“WE” THE PEOPLE:
Immigration, Education, & Incarceration
Praised as “one of the best documentaries of the year,” by The New York Times, To Be Heard is the story of three teens from the South Bronx whose struggle to change their lives begins when they start to write poetry. Screening will be followed by a conversation on education and literacy with Richard Cardillo (Education Director, National School Climate Center), filmmaker Roland Legiardi-Laura, and Christen Pollock (Vice President of the College Board Advocacy and Policy Center). Moderated by Kanene Holder (educator, artist, and Occupy spokesperson).
July 16, 7:00pm
Buy Tickets ($10)
For three weeks only the three-time-winner of the national slam championship, Urbana Poetry Slam, takes up residence at IMPACT 2012. A quirky and eccentric series, Urbana features all kinds of poetic voices: political, confessional, musical, and spiritual.
Tue. July 17, 7pm
Tickets ($10) at the door.
A Conversation on Immigration with Jose Vargas, Cristina Jimenez, Karen Kaminsky, Iyaba Ibo Mandingo & Rinku Sen
Join us for an exciting conversation on immigration policy, activism and art in the context of the upcoming election with Define American founder Jose Antonio Vargas, recently featured on the cover of TIME (along with the story of nearly 12 million undocumented Americans), Karen Kaminsky (New York Immigration Coalition Deputy Executive Director), Iyaba Ibo Mandingo (poet/painter/performer), Cristina Jimenez (United We Dream Managing Director), and Rinku Sen (President and Executive Director of the Applied Research Center).
Iyaba Ibo Mandingo will also be performing and displaying his art.
Wed. July 18, 7:00pm
[Click here to watch all video segments]
Buy Tickets ($10)
IMPACT Social Salon with readings from Howard Zinn’s Voices of a People’s History
Come to Culture Project next Thursday for a political open mic with IMPACT’s artist community. Email email@example.com to sign up to read. Let us know if you would like to bring your own work, your favorite fiction or non-fiction writing, or request a script of “Voices” if you are interested in reading a monologue from Zinn’s brilliant book, focusing on the extraordinary history of ordinary people who built the movements that made this country what it is today.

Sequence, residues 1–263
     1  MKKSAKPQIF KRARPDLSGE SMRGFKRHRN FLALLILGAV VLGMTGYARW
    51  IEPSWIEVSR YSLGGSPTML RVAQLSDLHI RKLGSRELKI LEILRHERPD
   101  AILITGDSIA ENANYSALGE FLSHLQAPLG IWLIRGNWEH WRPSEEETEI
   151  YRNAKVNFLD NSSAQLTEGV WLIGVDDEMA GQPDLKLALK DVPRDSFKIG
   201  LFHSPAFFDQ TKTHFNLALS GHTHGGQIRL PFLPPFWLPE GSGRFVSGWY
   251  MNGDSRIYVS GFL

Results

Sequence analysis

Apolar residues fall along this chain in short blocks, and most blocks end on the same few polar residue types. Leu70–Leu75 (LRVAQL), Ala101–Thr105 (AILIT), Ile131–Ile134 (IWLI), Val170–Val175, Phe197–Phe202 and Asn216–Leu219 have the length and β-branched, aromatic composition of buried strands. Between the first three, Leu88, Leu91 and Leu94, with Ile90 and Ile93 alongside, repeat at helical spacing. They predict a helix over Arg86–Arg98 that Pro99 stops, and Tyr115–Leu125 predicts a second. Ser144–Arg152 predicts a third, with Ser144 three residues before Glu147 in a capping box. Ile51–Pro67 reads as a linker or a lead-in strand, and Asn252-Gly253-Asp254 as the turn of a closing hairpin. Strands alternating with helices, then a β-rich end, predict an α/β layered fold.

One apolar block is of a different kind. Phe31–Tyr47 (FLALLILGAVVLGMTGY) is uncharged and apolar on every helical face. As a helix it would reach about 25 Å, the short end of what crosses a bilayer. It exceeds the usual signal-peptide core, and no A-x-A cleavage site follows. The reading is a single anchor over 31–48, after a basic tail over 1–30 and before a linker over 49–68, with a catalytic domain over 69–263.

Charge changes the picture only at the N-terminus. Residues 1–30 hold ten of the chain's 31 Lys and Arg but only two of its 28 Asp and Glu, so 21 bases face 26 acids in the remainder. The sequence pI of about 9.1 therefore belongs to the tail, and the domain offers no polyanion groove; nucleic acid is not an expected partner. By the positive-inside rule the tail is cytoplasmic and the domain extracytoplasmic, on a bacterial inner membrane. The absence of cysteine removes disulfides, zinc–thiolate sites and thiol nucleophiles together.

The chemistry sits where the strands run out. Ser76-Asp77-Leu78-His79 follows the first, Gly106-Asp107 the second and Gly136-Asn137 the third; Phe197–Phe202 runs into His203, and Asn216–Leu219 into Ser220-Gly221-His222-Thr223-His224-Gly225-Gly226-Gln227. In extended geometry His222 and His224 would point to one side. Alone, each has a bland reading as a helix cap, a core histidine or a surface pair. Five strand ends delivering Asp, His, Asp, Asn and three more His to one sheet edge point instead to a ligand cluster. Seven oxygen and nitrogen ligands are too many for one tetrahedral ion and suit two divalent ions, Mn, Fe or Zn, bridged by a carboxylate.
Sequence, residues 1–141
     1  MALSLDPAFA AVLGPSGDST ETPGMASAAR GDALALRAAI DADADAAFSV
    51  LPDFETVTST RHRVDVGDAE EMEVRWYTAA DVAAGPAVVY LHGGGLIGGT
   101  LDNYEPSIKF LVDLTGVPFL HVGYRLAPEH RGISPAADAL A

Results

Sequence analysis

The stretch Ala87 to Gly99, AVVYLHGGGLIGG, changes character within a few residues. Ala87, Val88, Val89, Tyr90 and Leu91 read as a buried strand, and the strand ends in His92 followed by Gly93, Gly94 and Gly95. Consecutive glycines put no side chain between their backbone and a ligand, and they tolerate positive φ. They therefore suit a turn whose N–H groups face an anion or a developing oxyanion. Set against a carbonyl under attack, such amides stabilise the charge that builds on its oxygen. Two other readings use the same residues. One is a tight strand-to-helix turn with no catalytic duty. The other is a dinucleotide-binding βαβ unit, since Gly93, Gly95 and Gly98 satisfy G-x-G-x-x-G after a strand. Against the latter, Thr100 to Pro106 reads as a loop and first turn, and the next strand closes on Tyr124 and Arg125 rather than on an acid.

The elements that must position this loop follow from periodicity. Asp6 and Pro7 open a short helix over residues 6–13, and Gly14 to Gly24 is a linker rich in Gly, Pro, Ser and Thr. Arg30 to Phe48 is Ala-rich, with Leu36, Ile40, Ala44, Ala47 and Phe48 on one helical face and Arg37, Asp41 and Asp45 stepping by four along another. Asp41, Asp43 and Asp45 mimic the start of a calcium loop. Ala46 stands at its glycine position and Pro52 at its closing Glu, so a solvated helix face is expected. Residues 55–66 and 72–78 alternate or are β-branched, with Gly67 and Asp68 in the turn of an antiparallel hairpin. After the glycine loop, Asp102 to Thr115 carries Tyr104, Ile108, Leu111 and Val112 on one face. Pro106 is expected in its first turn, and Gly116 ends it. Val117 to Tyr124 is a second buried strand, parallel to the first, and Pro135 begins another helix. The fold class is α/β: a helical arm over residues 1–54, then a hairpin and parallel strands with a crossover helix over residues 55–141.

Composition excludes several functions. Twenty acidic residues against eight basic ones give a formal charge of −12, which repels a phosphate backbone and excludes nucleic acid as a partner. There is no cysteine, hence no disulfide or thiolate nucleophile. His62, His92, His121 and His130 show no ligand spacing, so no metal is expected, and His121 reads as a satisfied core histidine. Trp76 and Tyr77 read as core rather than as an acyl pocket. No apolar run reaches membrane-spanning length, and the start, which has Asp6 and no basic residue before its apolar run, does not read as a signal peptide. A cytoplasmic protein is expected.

Thur. July 19, 7pm
Singer/Songwriter and actress Rain Phoenix (Red Hot Chili Peppers, Even Cowgirls Get the Blues, O) brings her mesmerizing, shiver-inducing voice to IMPACT 2012 with a night of acoustic melodies. Rain is the voice behind the rotating, gypsy wanderer encampment papercranes, an LA-based project with an ever-evolving roster of collaborators with whom she has released two full-length albums, Vidalia and Let’s Make Babies in the Woods. Rain also founded the Gift Horse Project and performs in the famed 30-member-plus political cabaret act, The Citizens Band.
Rain will be accompanied on guitar by Jen Turner (singer and guitarist for Inner). The night will also include solo acoustic performances by Turner and Ryan Jarman (The Cribs).
Fri. July 20, 8pm
Artists in Residence Works in Progress: Richard Vetere & Manuel Borras
During their week-long residencies, IMPACT 2012 Resident Artists discuss, create, and rehearse new work surrounding the week’s topics. Each week will culminate in a free public presentation of the new works-in-progress.
SQUARE ONE by Richard Vetere
Nino DeSimone and Cantel Daniels are long time friends. For twenty-years Cantel has worked for Nino’s construction business and now he wants Nino to hire his nephew Shan as an assistant-book keeper. Nino does only to find that Shan has a criminal record. Nino is outraged that Cantel never told him but the truth of the matter was this – the college graduate Shan was a victim of “stop and frisk” and the cop who arrested him planted the drugs on him. Nino doesn’t believe Shan and fires him and for the first time Cantel realizes that both men are not what he wanted to believe and perhaps race does play a part, an ugly part, in their ‘friendship.’
July 21, 7pm.
Reserve seats (free)
The House I Live In pre-release screening
In the past 40 years, the War on Drugs has accounted for 45 million arrests, made America the world’s largest jailer, and destroyed impoverished communities at home and abroad. Yet drugs are cheaper, purer, and more available today than ever. Where did we go wrong, and what can be done? The House I Live In is not only the definitive film on the failure of America’s drug war, but it is also a masterpiece filled with hope and the potential to effect change.
Grand Jury Prize, Sundance Film Festival 2012
July 21, 8pm.